To begin, Plaintiff takes aim at Defendants' Fourth, Sixth, Seventh, Ninth, Eleventh, and Twelfth Defenses, arguing that "[d]efenses that merely negate an element of Plaintiff's proof are not affirmative defenses because they merely controvert an element of Plaintiff's prima facie case." Id . at p. 9-10. Setting aside the issue of whether such defenses are even "affirmative defenses" as that term is used in the Federal Rules of Civil Procedure, [1] there is no purpose to be served under the rule for such judicial pruning here. The issue was raised in a case recently considered by U.S. Magistrate Judge Candy W. Dale, and the undersigned is satisfied that Judge Dale's reasoning in that case is apropos to the pending dispute:

The Court also declines in this case to strike Defendants' allegedly redundant defenses. It is true that defenses that negate an element of, or assert a defect in, a plaintiff's prima facie case are negative, not affirmative, defenses. But, at this stage in the litigation, striking negative defenses would do little more than tidy up the pleadings. [Plaintiff] would still have the burden of proving his prima facie case and Defendants would still be entitled to argue that he does not state a claim upon which relief can be granted. Given these practical realities, the Court is loath to micro-manage the pleadings merely to credit [Plaintiff's] technical points.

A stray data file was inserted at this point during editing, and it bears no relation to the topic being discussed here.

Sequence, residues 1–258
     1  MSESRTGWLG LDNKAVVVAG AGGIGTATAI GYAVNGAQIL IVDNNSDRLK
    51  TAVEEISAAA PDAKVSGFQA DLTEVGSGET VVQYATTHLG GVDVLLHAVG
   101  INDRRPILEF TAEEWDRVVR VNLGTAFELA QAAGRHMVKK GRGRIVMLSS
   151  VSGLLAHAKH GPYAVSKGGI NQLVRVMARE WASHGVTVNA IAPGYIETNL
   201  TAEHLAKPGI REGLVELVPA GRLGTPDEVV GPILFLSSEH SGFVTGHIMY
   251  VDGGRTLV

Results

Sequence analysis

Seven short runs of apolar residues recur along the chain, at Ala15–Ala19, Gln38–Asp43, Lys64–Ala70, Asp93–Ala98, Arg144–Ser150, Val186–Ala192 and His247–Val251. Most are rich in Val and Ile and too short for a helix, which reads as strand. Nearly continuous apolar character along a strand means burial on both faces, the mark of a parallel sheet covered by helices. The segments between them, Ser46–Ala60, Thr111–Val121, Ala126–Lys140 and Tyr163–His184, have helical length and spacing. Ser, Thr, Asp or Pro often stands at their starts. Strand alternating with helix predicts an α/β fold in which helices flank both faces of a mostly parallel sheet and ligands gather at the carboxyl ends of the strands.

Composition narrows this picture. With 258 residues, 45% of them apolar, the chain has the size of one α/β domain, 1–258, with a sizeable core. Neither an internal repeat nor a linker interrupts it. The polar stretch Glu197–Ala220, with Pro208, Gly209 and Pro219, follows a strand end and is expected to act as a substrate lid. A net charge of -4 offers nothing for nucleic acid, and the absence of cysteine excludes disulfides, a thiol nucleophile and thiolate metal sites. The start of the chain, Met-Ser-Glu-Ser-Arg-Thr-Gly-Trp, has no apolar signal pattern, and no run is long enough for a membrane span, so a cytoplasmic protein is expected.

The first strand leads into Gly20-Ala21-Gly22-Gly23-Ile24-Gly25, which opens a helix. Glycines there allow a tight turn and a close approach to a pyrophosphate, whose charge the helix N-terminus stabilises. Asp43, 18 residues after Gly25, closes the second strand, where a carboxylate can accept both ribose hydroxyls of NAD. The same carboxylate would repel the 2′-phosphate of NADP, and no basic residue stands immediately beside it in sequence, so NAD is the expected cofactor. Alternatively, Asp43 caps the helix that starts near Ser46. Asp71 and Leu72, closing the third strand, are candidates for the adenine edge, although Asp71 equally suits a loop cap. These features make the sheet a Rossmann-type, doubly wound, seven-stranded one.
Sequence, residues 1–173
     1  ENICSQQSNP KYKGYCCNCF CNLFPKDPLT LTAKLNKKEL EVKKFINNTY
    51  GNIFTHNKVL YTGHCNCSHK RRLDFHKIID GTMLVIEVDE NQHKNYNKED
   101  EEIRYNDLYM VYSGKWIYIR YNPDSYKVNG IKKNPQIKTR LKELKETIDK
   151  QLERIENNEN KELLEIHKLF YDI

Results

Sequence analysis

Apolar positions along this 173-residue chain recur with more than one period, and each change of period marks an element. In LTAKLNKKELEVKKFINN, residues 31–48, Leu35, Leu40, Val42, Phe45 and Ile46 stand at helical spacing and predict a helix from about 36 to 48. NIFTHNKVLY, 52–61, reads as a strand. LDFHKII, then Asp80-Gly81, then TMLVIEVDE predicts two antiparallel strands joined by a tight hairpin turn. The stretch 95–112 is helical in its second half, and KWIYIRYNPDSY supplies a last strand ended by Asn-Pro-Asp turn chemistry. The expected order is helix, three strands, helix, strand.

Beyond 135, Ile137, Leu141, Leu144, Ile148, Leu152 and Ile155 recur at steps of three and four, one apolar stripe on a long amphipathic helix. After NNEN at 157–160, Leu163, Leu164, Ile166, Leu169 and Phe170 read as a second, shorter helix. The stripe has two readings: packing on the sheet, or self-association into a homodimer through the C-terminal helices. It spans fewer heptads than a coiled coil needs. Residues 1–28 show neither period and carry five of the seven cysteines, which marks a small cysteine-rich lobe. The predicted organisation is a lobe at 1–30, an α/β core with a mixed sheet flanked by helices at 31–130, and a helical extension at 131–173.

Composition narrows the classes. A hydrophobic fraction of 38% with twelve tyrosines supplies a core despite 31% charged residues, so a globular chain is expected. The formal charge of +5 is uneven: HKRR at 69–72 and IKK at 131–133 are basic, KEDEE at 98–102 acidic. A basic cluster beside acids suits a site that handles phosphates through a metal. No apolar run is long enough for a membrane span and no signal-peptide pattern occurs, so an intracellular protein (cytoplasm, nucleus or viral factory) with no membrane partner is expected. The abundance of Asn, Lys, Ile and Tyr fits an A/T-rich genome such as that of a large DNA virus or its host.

McBurney v. Lowe's Home Centers, LLC, 2014 WL 2993087, *3 (D. Idaho 2014) (internal citations omitted). Such reasons apply here, and the Motion to Strike is denied in this respect.

Next, Plaintiff challenges Defendants' First Defense as simply reserving a right to amend that is unnecessary in light of FRCP 15. See Mem. in Supp. of Mot. to Strike, p. 11 (Docket No. 11, Att. 1). There is just no point in striking such material from Defendants' Answer. The information contained within Defendants' First Defense simply puts Plaintiff's counsel on notice of what Defendants' counsel considers to be the potential defenses known at that time. While not required to be included, such a statement is not unusual and, more importantly, not remotely burdensome to Plaintiff toward preparing her case moving forward. At most, it reiterates FRCP 15's charge; nothing more, nothing less. Plaintiff's Motion to Strike is denied in this respect.